Torre has an almost singular talent of saying the right thing at the right time. When Randy Johnson was struggling in the spring, the manager lowered expectations, deflecting some of the heat away from Johnson. The Big Unit has since rebounded.

In early May, when Alex Rodriguez was briefly dropped to fifth in the batting order, Torre sold it as a clerical error that ended up working out. It saved Rodriguez from several rounds of questions about a slump he was enduring at the time. He went on to be the American League player of the month.

When Bernie Williams was ejected from a game for the first time in his career, Torre came back with a story about the time he was once ejected while standing on third base.

He and Nick Colosi got into it over a comment Torre had made in the papers about the umpires. "I finally told him to f--- off," Torre said. "Son of a bitch threw me out, too."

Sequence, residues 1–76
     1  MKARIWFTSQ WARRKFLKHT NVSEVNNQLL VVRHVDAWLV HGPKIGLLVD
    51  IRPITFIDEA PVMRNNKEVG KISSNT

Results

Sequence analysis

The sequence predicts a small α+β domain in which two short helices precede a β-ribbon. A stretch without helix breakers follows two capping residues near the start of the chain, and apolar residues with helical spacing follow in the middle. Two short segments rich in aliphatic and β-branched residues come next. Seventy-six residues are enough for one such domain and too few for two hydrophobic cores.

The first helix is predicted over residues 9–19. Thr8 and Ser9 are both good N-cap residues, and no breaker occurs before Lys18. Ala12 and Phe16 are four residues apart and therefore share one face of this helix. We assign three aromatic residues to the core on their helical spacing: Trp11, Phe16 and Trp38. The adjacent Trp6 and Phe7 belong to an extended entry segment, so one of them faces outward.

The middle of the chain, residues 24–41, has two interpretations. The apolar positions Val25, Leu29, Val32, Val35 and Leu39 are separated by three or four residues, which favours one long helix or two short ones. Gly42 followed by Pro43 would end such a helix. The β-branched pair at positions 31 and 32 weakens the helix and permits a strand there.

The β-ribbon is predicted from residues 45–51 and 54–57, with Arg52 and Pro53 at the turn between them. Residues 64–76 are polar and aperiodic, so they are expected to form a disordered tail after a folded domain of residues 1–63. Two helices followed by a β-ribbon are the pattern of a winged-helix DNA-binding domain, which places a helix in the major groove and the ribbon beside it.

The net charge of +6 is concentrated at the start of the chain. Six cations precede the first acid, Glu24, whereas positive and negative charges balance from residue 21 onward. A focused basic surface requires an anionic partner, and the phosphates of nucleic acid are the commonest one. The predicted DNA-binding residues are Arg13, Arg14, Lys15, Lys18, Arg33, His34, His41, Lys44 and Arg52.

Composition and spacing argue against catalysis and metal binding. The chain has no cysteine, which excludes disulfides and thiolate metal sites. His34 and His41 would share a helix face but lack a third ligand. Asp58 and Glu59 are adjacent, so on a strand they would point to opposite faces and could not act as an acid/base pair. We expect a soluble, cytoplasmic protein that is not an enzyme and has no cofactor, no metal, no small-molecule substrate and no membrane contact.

Made what Bernie did seem not so bad.

There are 10 reporters who travel with the Yankees: Eight from newspapers, one from and another from WFAN radio. All are pretty sharp. If motivated, we could make trouble and plenty of times, we do just that.

Every paper also has a platoon of columnists and sidebar writers. Throw in the local television stations, floaters from suburban papers and national writers and a typical home game can attract a few hundred of us.

But Torre has learned how to make the media madness work for him. He anticipates the questions, defuses the controversies and lessens the pain for his players.